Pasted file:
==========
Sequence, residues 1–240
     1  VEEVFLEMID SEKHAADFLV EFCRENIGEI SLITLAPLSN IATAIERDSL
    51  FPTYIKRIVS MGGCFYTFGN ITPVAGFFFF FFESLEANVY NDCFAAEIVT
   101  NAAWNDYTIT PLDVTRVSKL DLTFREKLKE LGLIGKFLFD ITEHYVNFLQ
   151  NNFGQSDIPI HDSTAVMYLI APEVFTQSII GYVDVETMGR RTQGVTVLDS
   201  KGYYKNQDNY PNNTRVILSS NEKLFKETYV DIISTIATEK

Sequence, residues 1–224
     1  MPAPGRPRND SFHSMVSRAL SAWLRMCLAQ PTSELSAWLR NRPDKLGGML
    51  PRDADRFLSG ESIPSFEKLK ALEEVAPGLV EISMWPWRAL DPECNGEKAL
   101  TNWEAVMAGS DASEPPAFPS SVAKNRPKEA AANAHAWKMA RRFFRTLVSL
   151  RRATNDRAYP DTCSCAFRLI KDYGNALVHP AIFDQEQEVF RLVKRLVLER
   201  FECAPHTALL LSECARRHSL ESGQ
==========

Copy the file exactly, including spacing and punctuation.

Sequence, residues 1–240
     1  VEEVFLEMID SEKHAADFLV EFCRENIGEI SLITLAPLSN IATAIERDSL
    51  FPTYIKRIVS MGGCFYTFGN ITPVAGFFFF FFESLEANVY NDCFAAEIVT
   101  NAAWNDYTIT PLDVTRVSKL DLTFREKLKE LGLIGKFLFD ITEHYVNFLQ
   151  NNFGQSDIPI HDSTAVMYLI APEVFTQSII GYVDVETMGR RTQGVTVLDS
   201  KGYYKNQDNY PNNTRVILSS NEKLFKETYV DIISTIATEK

Sequence, residues 1–224
     1  MPAPGRPRND SFHSMVSRAL SAWLRMCLAQ PTSELSAWLR NRPDKLGGML
    51  PRDADRFLSG ESIPSFEKLK ALEEVAPGLV EISMWPWRAL DPECNGEKAL
   101  TNWEAVMAGS DASEPPAFPS SVAKNRPKEA AANAHAWKMA RRFFRTLVSL
   151  RRATNDRAYP DTCSCAFRLI KDYGNALVHP AIFDQEQEVF RLVKRLVLER
   201  FECAPHTALL LSECARRHSL ESGQ